Date of Award


Document Type


Degree Name

Master of Arts (MA)


Educational Leadership

First Advisor

Dr. Neal Grandgenett

Second Advisor

Dr. Elliot Ostler

Third Advisor

Dr. Jim Akers


The basic concern of this study was to begin looking at how to best implement the internet into the classroom from the perspective of technology supervisors. Questioning the ifs and they why's of the Internet are not the primary focus of this study. Many studies are investigating the effectiveness of the Internet in education. The focus here is on the hows. Such as how does a school or district implement an effective Internet strategy? Or what resources might be needed for an adequate implementation strategy. Even more basic to this thesis are questions about who is shouldering the burden for implementing this strategy and how are they empowered, it at all, to do their job. Effective implementation of the Internet and the effective use of Internet technologies in education require a sound understanding of how children learn, something we know quite a bit about, and how technologies can be molded and crafted to this end, something we know little about. Hence, the hows are just the hard part. Most importantly this study was designed to look at this problem from a different perspective: that of the technology leader or coordinator, who is responsible for such efforts within a school district. A questionnaire was distributed over the Internet to approximately 100 well-known technology leaders/coordinators throughout the state of Nebraska. The questionnaire focused on four areas: Demographics, The Impact of the Inter, The Characteristics of Teachers Who Use the Web and The Division of Labor. After several weeks of collection the data was analyzed. The results of the study showed that while many technology coordinators believe that the Internet is a powerful tool for learning, the actual application both, in the classroom and administratively, leaves much to be desired. Many times teachers lack training in even basic computer skills, forcing technology leaders/coordinators to spend most of their time serving as an on-site help desk. Often, technology leaders/coordinators are in general over tasked and find themselves having little influence within schools or districts. The recommendations provided were to: 1) Increase technology training for teachers, 2) Pay technology leaders/coordinators on an administrative scale, 3) Provide merit pay for teachers who learn technology skills and 4) Further study lesson development with regard to technology incorporation.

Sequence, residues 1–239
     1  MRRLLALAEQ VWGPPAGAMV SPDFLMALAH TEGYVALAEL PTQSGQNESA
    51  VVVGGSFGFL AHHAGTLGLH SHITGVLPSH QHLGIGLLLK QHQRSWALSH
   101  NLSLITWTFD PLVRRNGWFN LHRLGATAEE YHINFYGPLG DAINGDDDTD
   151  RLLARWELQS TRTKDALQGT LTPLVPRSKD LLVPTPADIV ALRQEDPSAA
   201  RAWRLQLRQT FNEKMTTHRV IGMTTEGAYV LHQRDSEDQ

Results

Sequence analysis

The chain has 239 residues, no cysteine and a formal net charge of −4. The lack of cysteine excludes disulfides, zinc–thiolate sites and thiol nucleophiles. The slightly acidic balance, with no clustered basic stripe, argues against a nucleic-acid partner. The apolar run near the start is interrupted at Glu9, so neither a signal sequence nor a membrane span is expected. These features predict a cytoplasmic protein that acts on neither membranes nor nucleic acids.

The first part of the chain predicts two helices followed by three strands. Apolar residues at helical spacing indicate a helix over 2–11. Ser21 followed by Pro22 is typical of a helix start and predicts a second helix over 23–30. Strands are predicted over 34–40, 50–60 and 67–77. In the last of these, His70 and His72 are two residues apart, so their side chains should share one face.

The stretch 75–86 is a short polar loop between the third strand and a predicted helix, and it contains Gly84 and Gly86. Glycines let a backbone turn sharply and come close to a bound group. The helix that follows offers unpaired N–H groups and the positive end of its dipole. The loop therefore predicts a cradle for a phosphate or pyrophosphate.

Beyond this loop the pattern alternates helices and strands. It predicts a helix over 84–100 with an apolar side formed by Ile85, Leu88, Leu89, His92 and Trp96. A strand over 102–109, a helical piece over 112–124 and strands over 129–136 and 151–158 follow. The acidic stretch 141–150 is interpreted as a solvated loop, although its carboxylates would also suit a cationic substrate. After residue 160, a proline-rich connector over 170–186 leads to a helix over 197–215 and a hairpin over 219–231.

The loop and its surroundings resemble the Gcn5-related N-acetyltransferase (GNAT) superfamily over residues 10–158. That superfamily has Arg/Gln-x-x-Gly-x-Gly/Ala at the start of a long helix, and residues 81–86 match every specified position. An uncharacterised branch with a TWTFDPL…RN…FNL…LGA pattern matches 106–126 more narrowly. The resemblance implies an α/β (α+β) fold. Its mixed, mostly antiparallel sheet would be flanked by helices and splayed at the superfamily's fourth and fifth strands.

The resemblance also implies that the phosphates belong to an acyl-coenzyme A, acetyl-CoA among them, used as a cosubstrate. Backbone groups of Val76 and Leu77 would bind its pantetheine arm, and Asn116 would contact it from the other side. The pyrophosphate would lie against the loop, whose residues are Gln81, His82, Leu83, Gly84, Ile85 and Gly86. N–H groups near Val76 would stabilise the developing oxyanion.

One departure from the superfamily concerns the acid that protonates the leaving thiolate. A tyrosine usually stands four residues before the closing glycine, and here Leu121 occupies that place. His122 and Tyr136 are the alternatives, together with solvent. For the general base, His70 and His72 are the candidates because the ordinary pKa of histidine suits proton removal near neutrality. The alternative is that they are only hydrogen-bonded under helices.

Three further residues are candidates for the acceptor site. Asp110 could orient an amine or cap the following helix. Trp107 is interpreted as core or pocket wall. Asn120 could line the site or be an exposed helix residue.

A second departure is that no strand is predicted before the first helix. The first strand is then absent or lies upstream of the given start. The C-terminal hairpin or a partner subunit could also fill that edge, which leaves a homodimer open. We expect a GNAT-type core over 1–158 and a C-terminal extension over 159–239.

A Thesis Presented to the College of Education and the Faculty of the Graduate College University of Nebraska In Partial Fulfillment of the Requirements for the Degree Master of Arts University of Nebraska at Omaha. Copyright Douglas K. Ealy April, 2000

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